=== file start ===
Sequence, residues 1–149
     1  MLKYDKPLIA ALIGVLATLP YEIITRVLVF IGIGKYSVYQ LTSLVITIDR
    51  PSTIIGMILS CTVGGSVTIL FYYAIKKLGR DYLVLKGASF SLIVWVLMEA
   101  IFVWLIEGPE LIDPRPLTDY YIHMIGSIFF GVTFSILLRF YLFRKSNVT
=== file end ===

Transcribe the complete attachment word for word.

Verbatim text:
Sequence, residues 1–149
     1  MLKYDKPLIA ALIGVLATLP YEIITRVLVF IGIGKYSVYQ LTSLVITIDR
    51  PSTIIGMILS CTVGGSVTIL FYYAIKKLGR DYLVLKGASF SLIVWVLMEA
   101  IFVWLIEGPE LIDPRPLTDY YIHMIGSIFF GVTFSILLRF YLFRKSNVT